wickercolumn

Wicker supports new focus

on regulatory reform

Manufacturers spend billions of dollars each year to comply with federal workplace regulations, but American consumers ultimately bear much of the cost. A recently-released study provides new data on the hidden burden of these federal mandates.

I share the concerns raised in recent research done by the Mercatus Center on George Mason University’s Arlington, Va., campus. The findings should be required reading for lawmakers and federal agency managers as we set priorities for next year.

The study reported that manufacturers spent $28 billion on federal regulations in 2000 and estimated that the compliance costs amounted to a 1.6 percent “hidden tax” on products made in the United States. The authors of the report said that, while the expense of meeting federal workplace regulations initially falls on manufacturers, the American people pay the price in the form of increased costs for goods, fewer product choices, and wage reductions.

The George Mason study found that the regulatory compliance cost to manufacturers exceeded estimates in previous academic and government studies by 75 percent. The survey covered 25 federal laws and Presidential executive orders which represent workplace regulations including labor standards, employee benefits, health and safety issues, civil rights, and employment matters. It did not address environmental regulations, tax issues, and federal rules in other areas.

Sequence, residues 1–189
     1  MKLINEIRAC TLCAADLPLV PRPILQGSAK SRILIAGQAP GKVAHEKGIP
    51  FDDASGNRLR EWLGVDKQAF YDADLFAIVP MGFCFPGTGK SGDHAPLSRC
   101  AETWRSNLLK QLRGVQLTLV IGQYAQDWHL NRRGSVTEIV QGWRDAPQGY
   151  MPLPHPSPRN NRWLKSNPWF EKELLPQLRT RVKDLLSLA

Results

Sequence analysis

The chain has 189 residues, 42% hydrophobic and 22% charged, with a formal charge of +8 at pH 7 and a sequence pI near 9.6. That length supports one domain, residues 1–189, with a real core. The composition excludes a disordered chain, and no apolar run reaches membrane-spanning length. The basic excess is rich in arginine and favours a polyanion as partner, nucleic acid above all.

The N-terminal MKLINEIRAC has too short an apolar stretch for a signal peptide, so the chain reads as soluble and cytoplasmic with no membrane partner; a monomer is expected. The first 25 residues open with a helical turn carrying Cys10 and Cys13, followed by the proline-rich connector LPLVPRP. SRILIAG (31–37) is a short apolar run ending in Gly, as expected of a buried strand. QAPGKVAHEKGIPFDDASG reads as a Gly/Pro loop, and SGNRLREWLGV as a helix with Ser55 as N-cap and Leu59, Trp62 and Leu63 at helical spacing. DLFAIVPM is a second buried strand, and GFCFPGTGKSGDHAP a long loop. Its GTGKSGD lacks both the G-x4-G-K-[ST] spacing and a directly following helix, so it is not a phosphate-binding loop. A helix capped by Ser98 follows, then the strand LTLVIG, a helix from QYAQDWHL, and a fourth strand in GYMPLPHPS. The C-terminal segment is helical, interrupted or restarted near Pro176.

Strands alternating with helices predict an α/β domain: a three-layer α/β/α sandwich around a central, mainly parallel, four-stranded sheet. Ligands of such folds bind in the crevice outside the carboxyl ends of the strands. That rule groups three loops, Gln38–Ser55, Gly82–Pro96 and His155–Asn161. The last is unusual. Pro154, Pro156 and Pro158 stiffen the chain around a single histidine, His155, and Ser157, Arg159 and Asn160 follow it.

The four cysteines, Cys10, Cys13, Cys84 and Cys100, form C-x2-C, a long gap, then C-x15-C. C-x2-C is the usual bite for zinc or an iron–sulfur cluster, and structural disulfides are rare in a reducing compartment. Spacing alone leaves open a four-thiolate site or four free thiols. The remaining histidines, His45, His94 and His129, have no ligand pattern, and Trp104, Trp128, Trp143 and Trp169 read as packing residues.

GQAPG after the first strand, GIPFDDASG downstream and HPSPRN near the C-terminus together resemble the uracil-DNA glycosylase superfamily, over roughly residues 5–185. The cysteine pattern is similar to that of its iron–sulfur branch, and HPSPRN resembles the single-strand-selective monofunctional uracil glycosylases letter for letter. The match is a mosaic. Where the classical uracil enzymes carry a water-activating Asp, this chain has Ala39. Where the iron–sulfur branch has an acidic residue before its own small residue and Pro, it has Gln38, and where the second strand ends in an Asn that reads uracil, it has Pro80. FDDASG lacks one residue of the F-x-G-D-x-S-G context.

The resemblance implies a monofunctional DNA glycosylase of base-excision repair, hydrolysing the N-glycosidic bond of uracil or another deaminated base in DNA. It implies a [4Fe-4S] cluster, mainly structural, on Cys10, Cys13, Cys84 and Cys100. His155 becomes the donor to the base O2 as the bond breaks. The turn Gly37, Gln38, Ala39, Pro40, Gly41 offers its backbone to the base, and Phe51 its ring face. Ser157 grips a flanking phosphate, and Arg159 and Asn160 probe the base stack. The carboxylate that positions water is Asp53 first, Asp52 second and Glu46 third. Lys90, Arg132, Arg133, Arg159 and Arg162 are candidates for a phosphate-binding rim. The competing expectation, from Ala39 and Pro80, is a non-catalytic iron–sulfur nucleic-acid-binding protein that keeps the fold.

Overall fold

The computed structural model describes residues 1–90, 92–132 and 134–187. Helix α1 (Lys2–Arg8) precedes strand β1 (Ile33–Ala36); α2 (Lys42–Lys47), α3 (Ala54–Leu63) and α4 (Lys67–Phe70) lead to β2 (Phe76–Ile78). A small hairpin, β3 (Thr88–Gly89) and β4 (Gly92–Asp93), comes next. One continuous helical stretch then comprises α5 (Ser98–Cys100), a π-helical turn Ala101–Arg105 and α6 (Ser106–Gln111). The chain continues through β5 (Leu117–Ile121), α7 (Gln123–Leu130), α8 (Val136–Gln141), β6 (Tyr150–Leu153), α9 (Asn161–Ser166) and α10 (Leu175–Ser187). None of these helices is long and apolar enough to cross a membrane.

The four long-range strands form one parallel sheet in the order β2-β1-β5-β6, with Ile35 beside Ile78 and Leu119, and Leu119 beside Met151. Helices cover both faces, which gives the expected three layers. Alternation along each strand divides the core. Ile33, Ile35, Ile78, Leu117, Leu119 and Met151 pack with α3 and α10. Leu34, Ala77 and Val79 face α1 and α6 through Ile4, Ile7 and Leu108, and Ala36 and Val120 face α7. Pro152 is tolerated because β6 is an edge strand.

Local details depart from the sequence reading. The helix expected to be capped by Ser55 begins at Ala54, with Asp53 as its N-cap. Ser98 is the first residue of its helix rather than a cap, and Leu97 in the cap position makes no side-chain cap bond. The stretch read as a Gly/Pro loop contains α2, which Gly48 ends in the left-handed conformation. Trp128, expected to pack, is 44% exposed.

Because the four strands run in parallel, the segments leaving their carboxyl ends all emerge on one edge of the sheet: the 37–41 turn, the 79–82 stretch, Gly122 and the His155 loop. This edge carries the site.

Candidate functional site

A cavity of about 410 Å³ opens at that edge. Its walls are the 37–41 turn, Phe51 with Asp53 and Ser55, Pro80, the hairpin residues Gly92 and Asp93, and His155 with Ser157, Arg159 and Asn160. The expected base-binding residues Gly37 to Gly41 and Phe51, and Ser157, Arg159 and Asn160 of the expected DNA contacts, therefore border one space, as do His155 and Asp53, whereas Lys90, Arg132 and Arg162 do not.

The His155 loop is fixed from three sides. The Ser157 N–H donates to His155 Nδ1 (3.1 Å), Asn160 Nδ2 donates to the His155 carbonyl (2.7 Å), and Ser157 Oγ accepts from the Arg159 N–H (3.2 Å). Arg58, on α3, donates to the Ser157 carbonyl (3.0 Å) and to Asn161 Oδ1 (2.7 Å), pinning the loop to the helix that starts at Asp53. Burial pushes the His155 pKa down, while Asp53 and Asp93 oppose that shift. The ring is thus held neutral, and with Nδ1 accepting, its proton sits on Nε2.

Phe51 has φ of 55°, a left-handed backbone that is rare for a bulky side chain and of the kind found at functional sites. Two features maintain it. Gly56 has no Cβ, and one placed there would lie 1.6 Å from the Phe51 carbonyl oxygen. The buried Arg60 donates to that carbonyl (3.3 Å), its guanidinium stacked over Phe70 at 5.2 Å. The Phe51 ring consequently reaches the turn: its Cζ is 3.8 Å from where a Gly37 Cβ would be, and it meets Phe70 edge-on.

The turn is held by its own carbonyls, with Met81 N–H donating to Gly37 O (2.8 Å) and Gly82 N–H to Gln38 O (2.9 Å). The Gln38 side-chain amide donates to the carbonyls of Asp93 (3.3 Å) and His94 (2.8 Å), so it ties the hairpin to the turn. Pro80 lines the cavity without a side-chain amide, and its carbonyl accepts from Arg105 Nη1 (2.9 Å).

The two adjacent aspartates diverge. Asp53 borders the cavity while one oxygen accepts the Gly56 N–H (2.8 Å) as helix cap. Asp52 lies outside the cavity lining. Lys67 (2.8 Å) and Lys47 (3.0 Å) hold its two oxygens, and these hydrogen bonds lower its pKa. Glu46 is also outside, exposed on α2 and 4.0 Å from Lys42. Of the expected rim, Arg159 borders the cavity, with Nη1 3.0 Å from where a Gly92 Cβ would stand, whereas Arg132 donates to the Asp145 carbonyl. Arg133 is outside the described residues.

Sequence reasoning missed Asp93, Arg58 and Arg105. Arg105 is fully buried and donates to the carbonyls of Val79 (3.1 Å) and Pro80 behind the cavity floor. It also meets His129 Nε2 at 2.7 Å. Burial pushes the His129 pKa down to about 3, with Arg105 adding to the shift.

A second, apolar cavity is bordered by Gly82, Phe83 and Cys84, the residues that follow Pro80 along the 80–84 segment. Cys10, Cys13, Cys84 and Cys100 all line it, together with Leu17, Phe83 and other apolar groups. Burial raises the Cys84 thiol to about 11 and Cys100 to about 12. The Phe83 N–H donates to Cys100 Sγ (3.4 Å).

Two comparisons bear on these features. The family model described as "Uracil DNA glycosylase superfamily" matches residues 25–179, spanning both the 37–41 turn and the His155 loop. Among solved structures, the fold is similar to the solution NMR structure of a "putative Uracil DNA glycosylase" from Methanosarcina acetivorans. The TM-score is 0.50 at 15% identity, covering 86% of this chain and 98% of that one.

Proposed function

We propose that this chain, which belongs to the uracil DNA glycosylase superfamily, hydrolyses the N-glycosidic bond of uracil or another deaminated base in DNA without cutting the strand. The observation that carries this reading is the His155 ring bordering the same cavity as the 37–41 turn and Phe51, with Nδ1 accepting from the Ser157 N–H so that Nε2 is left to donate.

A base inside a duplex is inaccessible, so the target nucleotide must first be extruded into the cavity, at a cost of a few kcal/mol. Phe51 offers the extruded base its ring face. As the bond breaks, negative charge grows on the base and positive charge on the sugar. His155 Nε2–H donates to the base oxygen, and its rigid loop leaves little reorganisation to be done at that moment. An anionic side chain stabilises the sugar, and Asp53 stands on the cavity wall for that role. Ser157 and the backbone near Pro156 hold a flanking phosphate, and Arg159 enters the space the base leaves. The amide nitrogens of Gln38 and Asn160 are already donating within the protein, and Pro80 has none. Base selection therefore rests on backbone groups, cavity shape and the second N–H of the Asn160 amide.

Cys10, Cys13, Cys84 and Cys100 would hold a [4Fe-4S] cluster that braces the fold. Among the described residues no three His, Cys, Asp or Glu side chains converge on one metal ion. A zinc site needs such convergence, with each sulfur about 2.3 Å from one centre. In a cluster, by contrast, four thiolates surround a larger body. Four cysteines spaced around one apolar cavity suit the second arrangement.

The report concluded that the average cost associated with regulatory requirements was $2.2 million per firm, or about $1,700 per employee. Small firms employing fewer than 100 workers have been hit the hardest with compliance expenses estimated to be nearly 70 percent higher than at larger facilities.

The monetary expenditures reported in this study are high, but it should be noted that the findings pertain only to the manufacturing sector. The cost of complying with all federal regulations throughout the U.S. economy is even more dramatic. The Small Business Administration has studied the issue and estimated the figure to be more than $840 billion in 2000.

No one is proposing the elimination of all regulations. The federal government has an important role to play in ensuring the health and safety of our workplaces, protecting the environment, and enforcing the law. Few people would take issue with the need for effective and fair regulations to meet these standards.

My concern, however, is that there are countless outdated and counterproductive regulations in place throughout the federal government.

Addressing this issue and the negative effect it has on the nation’s economy deserves attention on Capitol Hill this year.

This Congress has made great progress over the past six years in the area of regulatory reform. We have eliminated many duplicative programs and regulations and streamlined much of the federal paperwork burden. This latest report offers proof that much work still remains to be done.

Roger Wicker of Tupelo, a Republican, represents the 1st Congressional District.